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Source of soybean root rot stumps scientists

 

Janet McConnaughey/The Associated Press

 

NEW ORLEANS -- LSU AgCenter plant pathologist Trey Price said soybean growers in Louisiana have been finding a fungal disease called black root rot in their crops. 

 

"This disease started showing up here about five years ago, and we called it a mystery disease," Price said. 

 

The disease makes leaves turn yellow, orange-brown or mottled even though their veins remain green, said Tom Allen, an extension plant pathologist at Mississippi State University. If a plant is pulled out, much of the root will be broken off below the surface, and the main root turns black. 

 

Cutting a stem to the pith will cause a dark brown stain on the pith, suggesting a major problem with the vascular system that carries water and nutrients throughout the plant, he wrote. 

 

Price said while black root rot is a minor problem statewide in Louisiana, some soybean fields have lost 5 to 10 percent of their plants.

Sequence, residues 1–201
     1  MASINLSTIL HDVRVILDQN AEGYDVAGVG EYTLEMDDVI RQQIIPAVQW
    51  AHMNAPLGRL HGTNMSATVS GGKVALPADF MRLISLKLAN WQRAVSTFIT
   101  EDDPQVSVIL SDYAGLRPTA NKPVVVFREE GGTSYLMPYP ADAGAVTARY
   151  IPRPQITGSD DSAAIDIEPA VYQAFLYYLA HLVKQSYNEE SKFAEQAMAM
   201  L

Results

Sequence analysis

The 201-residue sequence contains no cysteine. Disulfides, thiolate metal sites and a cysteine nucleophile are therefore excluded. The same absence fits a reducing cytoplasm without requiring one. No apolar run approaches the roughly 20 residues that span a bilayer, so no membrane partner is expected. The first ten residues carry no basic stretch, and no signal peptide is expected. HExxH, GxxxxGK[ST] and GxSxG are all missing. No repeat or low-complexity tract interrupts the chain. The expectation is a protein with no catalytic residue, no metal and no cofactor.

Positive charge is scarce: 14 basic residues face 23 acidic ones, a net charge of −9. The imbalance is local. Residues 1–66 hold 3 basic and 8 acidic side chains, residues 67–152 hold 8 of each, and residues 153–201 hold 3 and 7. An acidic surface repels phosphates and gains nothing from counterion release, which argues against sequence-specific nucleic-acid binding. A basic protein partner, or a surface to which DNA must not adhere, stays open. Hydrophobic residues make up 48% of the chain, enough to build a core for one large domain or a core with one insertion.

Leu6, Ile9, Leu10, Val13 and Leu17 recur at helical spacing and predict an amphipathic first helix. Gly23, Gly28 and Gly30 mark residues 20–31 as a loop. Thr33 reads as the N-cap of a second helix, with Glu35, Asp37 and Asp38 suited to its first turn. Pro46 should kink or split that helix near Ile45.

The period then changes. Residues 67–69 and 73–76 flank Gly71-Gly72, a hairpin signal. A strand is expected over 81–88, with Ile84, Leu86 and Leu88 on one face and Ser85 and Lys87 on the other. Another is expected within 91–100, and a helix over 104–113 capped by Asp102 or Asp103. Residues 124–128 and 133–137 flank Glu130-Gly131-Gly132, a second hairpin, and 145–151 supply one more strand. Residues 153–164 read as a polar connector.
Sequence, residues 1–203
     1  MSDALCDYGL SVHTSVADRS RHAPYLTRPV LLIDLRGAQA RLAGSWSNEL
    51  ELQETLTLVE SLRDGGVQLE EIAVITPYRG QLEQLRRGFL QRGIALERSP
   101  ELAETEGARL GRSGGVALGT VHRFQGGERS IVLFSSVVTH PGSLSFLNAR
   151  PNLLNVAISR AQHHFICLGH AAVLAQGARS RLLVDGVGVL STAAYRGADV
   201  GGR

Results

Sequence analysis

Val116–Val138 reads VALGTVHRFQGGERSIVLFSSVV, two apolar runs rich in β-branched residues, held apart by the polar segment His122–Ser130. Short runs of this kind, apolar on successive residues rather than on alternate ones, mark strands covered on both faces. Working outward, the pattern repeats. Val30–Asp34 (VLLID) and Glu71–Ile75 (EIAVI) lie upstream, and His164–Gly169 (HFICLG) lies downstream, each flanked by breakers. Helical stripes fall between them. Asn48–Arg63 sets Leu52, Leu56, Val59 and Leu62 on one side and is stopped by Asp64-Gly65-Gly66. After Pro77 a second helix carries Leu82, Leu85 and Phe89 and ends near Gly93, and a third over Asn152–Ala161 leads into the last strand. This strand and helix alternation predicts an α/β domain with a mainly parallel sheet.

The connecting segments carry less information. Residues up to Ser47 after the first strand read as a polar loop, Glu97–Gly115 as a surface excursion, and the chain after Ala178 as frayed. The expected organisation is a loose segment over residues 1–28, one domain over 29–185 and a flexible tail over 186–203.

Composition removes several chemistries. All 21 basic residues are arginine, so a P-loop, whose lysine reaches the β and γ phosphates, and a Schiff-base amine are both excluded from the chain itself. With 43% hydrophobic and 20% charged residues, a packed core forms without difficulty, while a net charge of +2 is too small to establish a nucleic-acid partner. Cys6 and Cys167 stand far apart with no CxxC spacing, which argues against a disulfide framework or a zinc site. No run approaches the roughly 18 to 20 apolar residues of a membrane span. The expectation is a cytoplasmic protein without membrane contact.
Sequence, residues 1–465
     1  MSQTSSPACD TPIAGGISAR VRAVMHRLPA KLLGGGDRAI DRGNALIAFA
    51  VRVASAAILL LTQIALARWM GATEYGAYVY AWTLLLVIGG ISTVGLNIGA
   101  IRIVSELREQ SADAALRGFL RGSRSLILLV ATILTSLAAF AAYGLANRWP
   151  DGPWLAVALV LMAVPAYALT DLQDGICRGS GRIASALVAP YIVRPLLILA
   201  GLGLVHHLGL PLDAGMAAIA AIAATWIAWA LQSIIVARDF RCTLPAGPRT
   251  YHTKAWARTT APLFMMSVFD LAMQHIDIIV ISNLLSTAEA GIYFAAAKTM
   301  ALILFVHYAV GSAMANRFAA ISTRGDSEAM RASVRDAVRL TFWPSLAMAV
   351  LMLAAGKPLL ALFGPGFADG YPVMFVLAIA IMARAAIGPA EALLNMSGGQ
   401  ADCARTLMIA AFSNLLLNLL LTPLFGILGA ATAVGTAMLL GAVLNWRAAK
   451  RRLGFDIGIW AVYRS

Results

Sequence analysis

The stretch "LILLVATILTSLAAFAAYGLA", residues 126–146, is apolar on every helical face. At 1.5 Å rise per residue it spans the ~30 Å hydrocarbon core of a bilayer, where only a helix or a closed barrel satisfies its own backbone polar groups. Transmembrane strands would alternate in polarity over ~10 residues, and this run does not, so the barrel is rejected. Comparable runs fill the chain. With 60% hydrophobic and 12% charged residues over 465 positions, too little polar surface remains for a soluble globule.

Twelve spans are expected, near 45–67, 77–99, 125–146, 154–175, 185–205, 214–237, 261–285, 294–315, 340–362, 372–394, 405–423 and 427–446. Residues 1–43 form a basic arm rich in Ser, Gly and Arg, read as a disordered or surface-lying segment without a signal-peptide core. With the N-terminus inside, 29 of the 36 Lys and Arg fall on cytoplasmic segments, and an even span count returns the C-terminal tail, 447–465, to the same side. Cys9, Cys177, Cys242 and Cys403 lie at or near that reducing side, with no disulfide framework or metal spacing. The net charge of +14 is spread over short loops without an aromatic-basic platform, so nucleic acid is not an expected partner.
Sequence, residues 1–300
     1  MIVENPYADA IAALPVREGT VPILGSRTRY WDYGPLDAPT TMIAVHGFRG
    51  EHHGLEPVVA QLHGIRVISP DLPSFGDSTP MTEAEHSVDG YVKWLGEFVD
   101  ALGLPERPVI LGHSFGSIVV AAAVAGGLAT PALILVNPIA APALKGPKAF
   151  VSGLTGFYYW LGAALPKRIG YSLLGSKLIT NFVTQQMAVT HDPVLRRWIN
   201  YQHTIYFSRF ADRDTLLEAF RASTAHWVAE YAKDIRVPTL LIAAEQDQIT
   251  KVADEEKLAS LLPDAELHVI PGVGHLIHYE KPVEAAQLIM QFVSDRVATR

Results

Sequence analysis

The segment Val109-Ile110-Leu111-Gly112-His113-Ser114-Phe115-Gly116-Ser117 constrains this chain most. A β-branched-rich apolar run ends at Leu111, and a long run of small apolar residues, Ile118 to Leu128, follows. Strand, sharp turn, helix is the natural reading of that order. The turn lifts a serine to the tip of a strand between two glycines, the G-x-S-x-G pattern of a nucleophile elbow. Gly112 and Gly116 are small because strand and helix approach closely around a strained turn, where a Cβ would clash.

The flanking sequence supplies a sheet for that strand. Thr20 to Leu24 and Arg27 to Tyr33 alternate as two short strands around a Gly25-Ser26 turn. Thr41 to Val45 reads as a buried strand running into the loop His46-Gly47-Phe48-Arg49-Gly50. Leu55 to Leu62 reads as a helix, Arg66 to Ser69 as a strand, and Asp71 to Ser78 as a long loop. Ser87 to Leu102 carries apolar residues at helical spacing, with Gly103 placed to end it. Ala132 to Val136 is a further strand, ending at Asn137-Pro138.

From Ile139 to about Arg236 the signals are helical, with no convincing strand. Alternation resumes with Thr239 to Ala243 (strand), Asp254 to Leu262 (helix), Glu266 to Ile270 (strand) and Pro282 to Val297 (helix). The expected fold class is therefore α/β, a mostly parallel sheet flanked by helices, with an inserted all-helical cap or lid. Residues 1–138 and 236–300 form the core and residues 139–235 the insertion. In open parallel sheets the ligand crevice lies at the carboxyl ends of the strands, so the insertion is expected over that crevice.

It's still a bit of a mystery: scientists don't know just what fungus causes the disease. They suspect it's one that has been known for years in cotton. But many people around the country have tried unsuccessfully to grow the fungus from infected roots, Allen wrote on the Mississippi Crop Situation blog Aug. 1. 

 

The U.S. produced 3.3 billion bushels of soybeans in 2013.  

 

University of Arkansas pathologists are trying to recover the fungus from numerous samples from a field in Leflore County, Mississippi, he wrote. 

 

Price said the fungus can survive on plant residue and build up in the soil, and fields continuously planted in soybeans appear to be the most susceptible. 

 

With corn prices low and soybean prices a bit more steady right now, he said, growers are less likely to rotate their fields. 

 

"At this time we don't have the data to prove that rotation with corn helps," Price said. "But I have seen a decrease in the presence of the disease where soybeans have not been continuously planted."

 

 

 

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